In the Rag & Bone Junkyard sat a rusty silo over a hundred and fifty feet tall; atop that rusty silo sat a ramshackle shack; atop that ramshackle shack sat two youths: a girl and a boy. In truth, only the lad was sitting, dressed in a dark sombre suit which contrasted sharply with his pale features.. The girl was standing. Petra Flax was trying to prove to her friend Cyrus that it was entirely possible to catch shooting stars in a butterfly net. So far, she had been unsuccessful.
“Just gotta wait fer the right one.” she said, butterfly net tightly in hand, her stance much the same as when holding her bat, Mr Lightninghouse. “These’ve all been jes a smidge too high. One of them low shootin stars, and we’re set.” She nodded. “Happened all the time back in Falun.”
“The Bucket of Blood is taller than your house.” said Cyrus. “The offices of the Free Press are taller than your house. We should be over there.”
Petra scoffed. “They’re liklely ta get hit anytime now. I measured the height of the House of Flax very carefully, Cye. Not too short, not too tall. The kinda house Moldylocks would like.”
“Goldilocks.” said Cyrus.
“Never met her,” said Petra, steadying her stance. There was a glimmer in the sky. “This is the one, I can feel it in my bones.”
Cyrus stood up. His pale face was bathed in green flickering light. “Petra. This meteor is green.”
Petra smiled. “I toldja. Look how low this one’s comin’ in. This one’s mine.” she took a few practice swings as the meteor approached, lower and lower, whistling through the sky as it approached.
Cyrus placed a small pale hand on Petra’s shoulder. “Um, Petra… I think the meteor is coming in a little too low.”
“No way, I got it!” she called back to him.
“It’s headed directly at us, I think.” he dropped, tugging the cuff of her coat with him as he went down. The meteor flew above their heads, shaking and breaking up, casting everything in a vivid chartreuse light. How close or distant it had been when it passed over neither of the two could say, as they had both covered their heads.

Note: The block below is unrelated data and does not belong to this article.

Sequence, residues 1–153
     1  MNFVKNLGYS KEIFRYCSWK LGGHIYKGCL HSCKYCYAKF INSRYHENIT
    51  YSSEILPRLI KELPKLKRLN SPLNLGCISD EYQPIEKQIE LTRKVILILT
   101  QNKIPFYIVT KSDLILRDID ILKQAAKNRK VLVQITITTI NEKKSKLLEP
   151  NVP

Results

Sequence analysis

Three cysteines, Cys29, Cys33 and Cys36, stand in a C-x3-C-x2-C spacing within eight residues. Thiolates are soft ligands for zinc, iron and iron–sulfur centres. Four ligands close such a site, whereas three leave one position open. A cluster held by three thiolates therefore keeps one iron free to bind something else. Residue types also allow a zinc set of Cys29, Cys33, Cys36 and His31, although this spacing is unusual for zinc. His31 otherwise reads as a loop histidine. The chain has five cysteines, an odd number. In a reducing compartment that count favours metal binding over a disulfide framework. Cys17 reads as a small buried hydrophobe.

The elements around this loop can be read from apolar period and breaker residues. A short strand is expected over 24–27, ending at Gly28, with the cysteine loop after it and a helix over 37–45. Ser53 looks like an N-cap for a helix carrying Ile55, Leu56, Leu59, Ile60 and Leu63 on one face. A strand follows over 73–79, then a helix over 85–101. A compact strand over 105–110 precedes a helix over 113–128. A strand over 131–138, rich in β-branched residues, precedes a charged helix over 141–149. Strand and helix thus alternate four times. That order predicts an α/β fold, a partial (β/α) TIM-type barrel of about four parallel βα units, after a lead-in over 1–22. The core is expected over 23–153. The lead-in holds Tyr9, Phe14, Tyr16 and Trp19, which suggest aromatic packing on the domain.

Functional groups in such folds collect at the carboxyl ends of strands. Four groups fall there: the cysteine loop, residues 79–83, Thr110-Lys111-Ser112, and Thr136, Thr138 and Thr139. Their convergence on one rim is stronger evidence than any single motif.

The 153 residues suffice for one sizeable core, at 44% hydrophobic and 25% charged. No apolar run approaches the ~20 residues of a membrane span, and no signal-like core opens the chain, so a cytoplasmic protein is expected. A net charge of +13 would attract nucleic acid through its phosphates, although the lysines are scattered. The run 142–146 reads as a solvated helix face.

Petra looked around. The night seemed very dark suddenly. “Which way did it go?” she asked.
“Looked like it went down somewhere in the Fells.” said Cyrus.
“Well, don’t jes sit there lookin pale, come ON!”
“Where?” he asked. “It’s the middle of the night.”
Petra paused on the top rung of the ladder heading to the ground. “I thoughtcha said yer aunt was persimmons?”
“Permissive.” Cyrus corrected. “But even she has her limits.” He watched Petra climbing down the ladder, then began to follow her. “What do you want to follow that thing for?” he called down.
“Boy, for a genius kid you sure are dumb sometimes.” she said. “I need it for the junkyard, course!” she jumped the last few feet and landed in the gravel.
Cyrus climbed right to the bottom, then grimaced at the rust on the palms of his hands. He rubbed them on his pants, then looed at Petra. “You don’t need to acquire things for your junkyard.” he said. “That’s not how junkyards work.”
Petra was already readying her wagon. She lit her pipe and turned to Cyrus and laughed. “That’s what the lesser junkmen say.”
TO BE CONTINUED